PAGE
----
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LCF City Council approves FSHA master plan, considers new City Hall design

La Cañada Unified schools got good news in November, when voters approved a school bond to renovate district campuses. Flintridge Preparatory School’s master plan also got the go-ahead last month when the City Council denied an appeal against it.

And now, after six years of planning and compromise, Flintridge Sacred Heart Academy’s vision of the future can move forward, after La Cañada City Council members voted Tuesday to adopt an FSHA Specific Plan guiding future development on the 42-acre campus.

Also Tuesday, in a study session before the regular meeting, council members discussed their own expansion plans, hearing proposals for renovating the interior of the new La Cañada Flintridge City Hall, purchased last October.

The FSHA vote concluded a lengthy discussion about a plan first conceived by the private school’s board members in 2011. The proposal calls for a 99,000-square-foot mostly subterranean parking garage, high school building and arts center expansion and other modernization projects.

Officials continuously revised the project to address neighbors’ concerns about traffic, noise and public events on campus. In a settlement agreement, they instituted a traffic management plan and capped the number of large and small events, with additional restrictions on serving alcohol.

The FSHA Specific Plan establishes a framework for all future growth, which would be subject only to a director’s review. There would be no conditional use permits or planning commission hearings, and the plan would remain in effect until it was repealed.

President Sister Carolyn McCormack acknowledged the long journey required to bring the master plan to fruition.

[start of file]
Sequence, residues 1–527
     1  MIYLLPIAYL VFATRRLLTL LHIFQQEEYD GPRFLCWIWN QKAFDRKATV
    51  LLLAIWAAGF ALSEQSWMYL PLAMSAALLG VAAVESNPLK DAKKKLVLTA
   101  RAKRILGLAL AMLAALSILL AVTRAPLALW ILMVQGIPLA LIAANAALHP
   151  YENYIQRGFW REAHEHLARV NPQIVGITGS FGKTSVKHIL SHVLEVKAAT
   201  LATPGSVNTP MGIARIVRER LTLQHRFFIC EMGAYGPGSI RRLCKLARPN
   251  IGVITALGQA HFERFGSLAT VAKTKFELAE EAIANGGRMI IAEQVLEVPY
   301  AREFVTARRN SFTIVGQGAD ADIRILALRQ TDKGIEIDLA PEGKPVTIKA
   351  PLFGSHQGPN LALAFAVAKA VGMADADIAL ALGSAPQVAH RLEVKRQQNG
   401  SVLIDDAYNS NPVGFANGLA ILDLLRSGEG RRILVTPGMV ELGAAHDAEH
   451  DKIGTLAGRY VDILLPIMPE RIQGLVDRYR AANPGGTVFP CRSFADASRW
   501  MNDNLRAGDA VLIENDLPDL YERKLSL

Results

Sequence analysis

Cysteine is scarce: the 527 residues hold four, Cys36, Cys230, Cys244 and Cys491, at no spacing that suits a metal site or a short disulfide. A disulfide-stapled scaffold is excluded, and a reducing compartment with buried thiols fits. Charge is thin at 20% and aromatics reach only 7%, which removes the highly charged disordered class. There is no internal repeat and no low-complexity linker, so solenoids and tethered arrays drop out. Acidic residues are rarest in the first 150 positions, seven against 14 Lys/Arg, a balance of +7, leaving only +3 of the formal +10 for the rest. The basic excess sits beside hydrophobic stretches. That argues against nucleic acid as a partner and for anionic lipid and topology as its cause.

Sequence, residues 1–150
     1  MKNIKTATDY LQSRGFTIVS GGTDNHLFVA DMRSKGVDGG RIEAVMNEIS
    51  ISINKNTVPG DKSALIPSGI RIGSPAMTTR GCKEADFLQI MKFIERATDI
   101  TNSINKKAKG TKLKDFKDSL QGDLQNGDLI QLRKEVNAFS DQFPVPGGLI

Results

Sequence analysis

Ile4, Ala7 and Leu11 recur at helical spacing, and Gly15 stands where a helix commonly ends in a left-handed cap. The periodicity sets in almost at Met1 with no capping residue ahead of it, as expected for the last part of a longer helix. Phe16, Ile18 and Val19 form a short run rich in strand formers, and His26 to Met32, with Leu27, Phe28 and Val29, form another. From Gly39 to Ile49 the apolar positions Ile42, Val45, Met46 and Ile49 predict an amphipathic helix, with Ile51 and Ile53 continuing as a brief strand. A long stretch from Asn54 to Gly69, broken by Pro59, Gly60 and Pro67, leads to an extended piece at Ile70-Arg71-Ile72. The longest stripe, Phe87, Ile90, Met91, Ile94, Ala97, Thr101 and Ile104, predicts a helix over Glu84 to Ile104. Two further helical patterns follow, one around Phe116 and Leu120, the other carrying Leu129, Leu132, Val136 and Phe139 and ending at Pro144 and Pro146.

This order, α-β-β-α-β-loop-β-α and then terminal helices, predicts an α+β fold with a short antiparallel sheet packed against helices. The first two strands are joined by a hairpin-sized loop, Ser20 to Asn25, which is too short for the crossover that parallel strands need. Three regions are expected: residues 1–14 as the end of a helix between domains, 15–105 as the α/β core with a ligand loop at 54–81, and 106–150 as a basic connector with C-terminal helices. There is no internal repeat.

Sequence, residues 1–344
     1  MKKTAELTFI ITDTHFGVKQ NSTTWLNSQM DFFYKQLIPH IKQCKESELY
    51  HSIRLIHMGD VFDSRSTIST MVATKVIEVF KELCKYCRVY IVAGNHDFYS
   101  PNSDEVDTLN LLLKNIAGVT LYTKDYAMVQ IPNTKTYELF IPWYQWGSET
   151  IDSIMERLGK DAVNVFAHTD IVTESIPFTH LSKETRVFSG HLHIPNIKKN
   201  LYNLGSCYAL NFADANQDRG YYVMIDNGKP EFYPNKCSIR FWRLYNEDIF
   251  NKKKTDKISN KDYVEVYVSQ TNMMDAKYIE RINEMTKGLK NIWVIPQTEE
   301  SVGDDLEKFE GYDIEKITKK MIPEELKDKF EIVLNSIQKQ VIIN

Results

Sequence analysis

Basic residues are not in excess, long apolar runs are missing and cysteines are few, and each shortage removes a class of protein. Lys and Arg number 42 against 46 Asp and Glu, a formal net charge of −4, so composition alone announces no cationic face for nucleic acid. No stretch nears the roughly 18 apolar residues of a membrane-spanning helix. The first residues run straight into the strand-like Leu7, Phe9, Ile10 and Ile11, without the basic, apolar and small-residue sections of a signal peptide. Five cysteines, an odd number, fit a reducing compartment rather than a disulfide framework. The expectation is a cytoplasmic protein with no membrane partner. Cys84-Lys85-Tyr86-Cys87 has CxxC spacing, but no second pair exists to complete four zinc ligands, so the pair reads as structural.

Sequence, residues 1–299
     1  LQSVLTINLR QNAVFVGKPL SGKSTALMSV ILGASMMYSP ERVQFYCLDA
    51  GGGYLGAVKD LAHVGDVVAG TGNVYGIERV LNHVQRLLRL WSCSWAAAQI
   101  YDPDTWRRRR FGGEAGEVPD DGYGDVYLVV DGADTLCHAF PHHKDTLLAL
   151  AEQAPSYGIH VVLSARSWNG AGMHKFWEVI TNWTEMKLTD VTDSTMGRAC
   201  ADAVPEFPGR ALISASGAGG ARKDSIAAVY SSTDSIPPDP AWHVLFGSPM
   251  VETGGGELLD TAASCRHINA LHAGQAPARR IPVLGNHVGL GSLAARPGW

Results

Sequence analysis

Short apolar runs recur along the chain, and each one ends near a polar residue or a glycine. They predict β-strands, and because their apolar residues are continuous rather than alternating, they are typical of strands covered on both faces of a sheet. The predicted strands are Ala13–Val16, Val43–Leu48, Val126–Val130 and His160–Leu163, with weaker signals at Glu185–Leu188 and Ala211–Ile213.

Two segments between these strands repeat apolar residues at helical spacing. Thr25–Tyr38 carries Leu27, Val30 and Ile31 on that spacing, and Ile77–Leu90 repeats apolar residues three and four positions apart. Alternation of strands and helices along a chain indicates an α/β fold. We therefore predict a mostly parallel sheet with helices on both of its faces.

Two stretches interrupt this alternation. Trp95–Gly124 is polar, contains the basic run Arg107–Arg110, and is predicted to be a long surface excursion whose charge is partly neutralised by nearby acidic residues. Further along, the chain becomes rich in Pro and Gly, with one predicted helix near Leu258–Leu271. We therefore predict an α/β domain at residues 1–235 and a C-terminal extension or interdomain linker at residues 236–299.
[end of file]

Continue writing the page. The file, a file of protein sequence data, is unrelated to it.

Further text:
“The mission of [FSHA] has been tested, challenged and strengthened,” she said. “We have found that adversity does offer multiple opportunities for growth and the development of one’s character.”

After a 4-0 vote (Mayor Mike Davitt, a former Sacred Heart board member, recused himself), audience members applauded.

“Now the real work starts,” said Mayor Pro Tem Terry Walker.

New LCF City Hall plans

In a special study session, council members heard a presentation from Pasadena-based Gonzalez Goodale Architects on how the new City Hall building, former site of the Sport Chalet corporate office, might be configured to provide public access and isolate city departments from other, leasable spaces in the building.

Principal Harry Drake described a 1,440-square-foot council chambers on the first floor with video screens and a community room and kitchen that could be used by local groups. City offices would occupy the second floor, a plan Councilman Greg Brown opposed.

“I think we’re making a mistake going to the second floor,” he said, estimating build-out costs exceeding $2 million. “I continue to feel that is not efficient or economically wise.”

Consultants and architects plan to return at a future meeting with cost estimates.

sara.cardine@latimes.com

Twitter: @SaraCardine

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